As I have been re-cataloging books in rare, I have come across many titles that even though they have call number slips in them, have no record for them in the catalog. It has gotten to the point when I am more surprised when a book is actually in the catalog than when it isn’t. One that I came across recently seems to be one of just a few copies still in existence. The Aitken Bible was published in Philadelphia in 1782. It was the first complete Bible printed in the United States, and considered the Bible of the Revolution. It even includes a 2 page resolution from Congress authorizing the sale of the Bible. It was published at a time when the British had a monopoly over the publication of such material which means that it was published illegally. Robert Aitken is said to have buried the type so that it wouldn’t be destroyed by the British soldiers. Earlier editions of the New Testament were published during the years 1777-1779. Our copy was bought in 1952. Included is a copy of the book seller’s catalog supplement advertising the Bible. It has the history of the Bible as well as information about how many copies were still available in 1952. When I downloaded the record, I noticed that OCLC said we held it, but it was never entered into any computer catalog system. There are only 33 other libraries that have copies. As I continue going through the shelves, I am sure that I will find others books that haven’t been cataloged. I am hoping for a something really big such as a first folio of Shakespeare or a Gutenberg Bible! A librarian can only dream.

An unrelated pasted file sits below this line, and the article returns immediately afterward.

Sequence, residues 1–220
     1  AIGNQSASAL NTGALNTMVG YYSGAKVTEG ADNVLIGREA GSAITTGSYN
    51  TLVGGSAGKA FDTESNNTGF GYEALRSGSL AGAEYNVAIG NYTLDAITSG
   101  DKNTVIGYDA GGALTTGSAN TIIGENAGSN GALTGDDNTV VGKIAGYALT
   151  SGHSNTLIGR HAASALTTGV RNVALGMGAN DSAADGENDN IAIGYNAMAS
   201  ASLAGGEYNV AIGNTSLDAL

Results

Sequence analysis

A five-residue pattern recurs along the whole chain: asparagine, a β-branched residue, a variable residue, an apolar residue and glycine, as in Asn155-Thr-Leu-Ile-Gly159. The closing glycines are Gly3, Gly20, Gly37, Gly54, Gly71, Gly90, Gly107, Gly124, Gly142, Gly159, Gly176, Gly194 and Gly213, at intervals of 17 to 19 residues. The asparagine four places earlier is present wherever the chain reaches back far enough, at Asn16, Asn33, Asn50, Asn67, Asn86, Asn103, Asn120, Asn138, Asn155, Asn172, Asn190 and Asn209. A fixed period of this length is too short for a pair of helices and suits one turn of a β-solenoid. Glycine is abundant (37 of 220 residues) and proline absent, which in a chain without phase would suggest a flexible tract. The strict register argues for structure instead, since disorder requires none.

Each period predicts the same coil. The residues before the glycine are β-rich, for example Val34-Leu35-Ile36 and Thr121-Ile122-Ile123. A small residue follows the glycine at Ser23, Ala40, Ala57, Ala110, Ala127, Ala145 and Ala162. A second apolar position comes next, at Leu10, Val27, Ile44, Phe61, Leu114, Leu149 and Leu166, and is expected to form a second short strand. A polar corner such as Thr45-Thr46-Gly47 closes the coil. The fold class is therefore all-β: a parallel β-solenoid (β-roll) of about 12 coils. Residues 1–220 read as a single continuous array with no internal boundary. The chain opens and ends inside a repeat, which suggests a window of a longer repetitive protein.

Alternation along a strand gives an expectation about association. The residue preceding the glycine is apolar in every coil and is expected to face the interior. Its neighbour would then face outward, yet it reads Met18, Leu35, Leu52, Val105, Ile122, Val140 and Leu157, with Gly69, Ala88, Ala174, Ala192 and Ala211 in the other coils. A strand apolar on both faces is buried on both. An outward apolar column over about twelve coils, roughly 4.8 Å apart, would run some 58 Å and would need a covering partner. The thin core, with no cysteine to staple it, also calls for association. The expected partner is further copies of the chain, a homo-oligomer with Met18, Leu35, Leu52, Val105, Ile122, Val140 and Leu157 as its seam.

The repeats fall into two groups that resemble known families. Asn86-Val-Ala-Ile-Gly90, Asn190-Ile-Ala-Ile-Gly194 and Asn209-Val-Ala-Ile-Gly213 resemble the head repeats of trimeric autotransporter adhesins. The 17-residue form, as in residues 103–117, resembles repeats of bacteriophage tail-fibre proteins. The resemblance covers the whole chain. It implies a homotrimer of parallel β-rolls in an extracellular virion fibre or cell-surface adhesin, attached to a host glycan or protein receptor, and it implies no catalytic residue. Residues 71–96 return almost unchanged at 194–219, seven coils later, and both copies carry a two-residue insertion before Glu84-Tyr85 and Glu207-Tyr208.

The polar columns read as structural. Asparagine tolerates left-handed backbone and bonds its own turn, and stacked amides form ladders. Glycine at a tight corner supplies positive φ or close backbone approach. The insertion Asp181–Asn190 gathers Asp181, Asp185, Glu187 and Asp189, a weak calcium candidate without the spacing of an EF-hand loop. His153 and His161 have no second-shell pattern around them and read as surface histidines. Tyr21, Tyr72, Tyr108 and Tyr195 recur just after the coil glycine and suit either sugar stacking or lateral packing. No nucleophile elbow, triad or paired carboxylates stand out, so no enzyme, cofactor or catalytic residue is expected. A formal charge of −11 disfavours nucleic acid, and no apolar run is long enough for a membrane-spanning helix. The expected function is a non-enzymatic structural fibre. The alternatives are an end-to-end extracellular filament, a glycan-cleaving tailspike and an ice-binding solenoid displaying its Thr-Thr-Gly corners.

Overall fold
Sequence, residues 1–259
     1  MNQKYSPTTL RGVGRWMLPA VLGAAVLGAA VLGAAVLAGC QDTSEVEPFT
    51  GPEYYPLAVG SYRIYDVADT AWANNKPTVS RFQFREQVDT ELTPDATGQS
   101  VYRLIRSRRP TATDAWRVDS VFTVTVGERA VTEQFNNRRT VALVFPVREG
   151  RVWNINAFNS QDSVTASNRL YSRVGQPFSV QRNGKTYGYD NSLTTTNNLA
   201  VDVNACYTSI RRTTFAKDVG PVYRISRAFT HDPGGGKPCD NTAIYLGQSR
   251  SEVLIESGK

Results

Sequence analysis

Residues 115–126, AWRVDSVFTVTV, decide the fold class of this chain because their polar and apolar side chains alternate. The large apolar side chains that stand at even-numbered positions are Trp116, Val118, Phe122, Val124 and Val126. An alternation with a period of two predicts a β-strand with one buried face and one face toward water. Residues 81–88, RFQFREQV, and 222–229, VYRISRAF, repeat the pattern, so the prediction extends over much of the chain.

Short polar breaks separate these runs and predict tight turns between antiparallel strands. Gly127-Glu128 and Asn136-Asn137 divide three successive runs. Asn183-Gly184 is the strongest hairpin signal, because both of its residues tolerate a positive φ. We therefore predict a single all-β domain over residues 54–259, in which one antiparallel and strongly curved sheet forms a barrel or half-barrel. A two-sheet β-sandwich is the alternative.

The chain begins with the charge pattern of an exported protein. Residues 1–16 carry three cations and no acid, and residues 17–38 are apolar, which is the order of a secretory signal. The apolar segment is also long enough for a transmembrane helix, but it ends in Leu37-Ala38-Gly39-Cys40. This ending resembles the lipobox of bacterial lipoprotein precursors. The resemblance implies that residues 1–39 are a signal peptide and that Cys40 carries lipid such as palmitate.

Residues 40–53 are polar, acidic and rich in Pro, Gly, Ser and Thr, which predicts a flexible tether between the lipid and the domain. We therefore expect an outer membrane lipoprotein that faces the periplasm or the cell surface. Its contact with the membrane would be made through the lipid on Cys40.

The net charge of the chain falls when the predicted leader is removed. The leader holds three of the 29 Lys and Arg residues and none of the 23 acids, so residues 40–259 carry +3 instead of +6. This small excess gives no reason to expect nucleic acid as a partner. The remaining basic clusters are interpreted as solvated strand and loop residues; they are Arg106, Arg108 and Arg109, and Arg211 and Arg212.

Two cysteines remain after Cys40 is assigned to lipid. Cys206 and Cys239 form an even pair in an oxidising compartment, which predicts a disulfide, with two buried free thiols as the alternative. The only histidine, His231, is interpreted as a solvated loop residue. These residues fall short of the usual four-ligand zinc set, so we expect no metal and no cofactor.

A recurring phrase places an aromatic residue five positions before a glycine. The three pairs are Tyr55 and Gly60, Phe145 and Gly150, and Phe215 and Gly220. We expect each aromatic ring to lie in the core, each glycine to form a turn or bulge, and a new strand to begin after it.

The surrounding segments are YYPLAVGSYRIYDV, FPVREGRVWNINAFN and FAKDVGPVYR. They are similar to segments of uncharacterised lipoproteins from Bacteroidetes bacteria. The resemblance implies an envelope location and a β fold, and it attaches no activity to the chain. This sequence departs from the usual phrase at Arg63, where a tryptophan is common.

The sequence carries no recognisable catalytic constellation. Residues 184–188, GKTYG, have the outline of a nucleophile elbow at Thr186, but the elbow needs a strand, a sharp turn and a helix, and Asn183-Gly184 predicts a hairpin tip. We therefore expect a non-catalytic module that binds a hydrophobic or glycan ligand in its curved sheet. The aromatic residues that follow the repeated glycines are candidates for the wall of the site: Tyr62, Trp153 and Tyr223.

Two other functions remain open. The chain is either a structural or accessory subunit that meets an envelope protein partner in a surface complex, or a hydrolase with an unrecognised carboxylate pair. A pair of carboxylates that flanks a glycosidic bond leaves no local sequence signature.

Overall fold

In the 'Cabinet of Curiosities' Category...
I have gone through every folded poster in the Hoffman collection. There are numerous duplicates, but many really nice surprises. The majority of the posters were from engagements in France by “The Hoffman Girls.” Almost none of the posters have a year (with the exception of one 1911 and one 1934).
A newly unfolded poster found today is 42″ x 6′ and features Vaudeville performers that will seem racially insensitive today. This poster is of a production by Gertrude’s husband, Max Hoffman.
Take a look at this vibrant poster, circa 1975, from the Energy Strategy Committee of the Baptist State Convention of North Carolina –
The artwork and its source committee were likely created as a result of the 1973 oil crisis. Take a look at the gas-guzzling hot rod and the look on the face of the full-service pump attendant!
This and much more can be found in the North Carolina Baptist Historical Collection at Z. Smith Reynolds Library.